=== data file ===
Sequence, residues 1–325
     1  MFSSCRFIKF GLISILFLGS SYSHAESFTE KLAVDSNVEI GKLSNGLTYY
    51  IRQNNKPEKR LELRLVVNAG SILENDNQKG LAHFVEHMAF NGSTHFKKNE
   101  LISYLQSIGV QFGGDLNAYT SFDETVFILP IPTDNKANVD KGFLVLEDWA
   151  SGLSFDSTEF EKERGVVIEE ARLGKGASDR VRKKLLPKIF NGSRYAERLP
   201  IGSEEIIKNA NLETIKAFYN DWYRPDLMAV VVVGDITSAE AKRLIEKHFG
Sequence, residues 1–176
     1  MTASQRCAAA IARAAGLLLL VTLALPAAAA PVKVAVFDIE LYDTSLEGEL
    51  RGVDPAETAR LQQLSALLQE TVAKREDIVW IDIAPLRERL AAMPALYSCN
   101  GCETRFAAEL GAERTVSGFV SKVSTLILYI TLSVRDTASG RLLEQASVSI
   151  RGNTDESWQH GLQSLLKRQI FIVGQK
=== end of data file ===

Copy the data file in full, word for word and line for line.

Sequence, residues 1–325
     1  MFSSCRFIKF GLISILFLGS SYSHAESFTE KLAVDSNVEI GKLSNGLTYY
    51  IRQNNKPEKR LELRLVVNAG SILENDNQKG LAHFVEHMAF NGSTHFKKNE
   101  LISYLQSIGV QFGGDLNAYT SFDETVFILP IPTDNKANVD KGFLVLEDWA
   151  SGLSFDSTEF EKERGVVIEE ARLGKGASDR VRKKLLPKIF NGSRYAERLP
   201  IGSEEIIKNA NLETIKAFYN DWYRPDLMAV VVVGDITSAE AKRLIEKHFG
Sequence, residues 1–176
     1  MTASQRCAAA IARAAGLLLL VTLALPAAAA PVKVAVFDIE LYDTSLEGEL
    51  RGVDPAETAR LQQLSALLQE TVAKREDIVW IDIAPLRERL AAMPALYSCN
   101  GCETRFAAEL GAERTVSGFV SKVSTLILYI TLSVRDTASG RLLEQASVSI
   151  RGNTDESWQH GLQSLLKRQI FIVGQK